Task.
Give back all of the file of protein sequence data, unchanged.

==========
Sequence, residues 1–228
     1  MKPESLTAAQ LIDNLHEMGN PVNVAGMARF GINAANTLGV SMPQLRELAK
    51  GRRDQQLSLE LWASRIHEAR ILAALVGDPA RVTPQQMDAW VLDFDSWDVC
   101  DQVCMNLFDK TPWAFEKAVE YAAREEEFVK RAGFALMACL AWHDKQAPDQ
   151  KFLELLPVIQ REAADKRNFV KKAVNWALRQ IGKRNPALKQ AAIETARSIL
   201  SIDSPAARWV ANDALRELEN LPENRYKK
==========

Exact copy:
Sequence, residues 1–228
     1  MKPESLTAAQ LIDNLHEMGN PVNVAGMARF GINAANTLGV SMPQLRELAK
    51  GRRDQQLSLE LWASRIHEAR ILAALVGDPA RVTPQQMDAW VLDFDSWDVC
   101  DQVCMNLFDK TPWAFEKAVE YAAREEEFVK RAGFALMACL AWHDKQAPDQ
   151  KFLELLPVIQ REAADKRNFV KKAVNWALRQ IGKRNPALKQ AAIETARSIL
   201  SIDSPAARWV ANDALRELEN LPENRYKK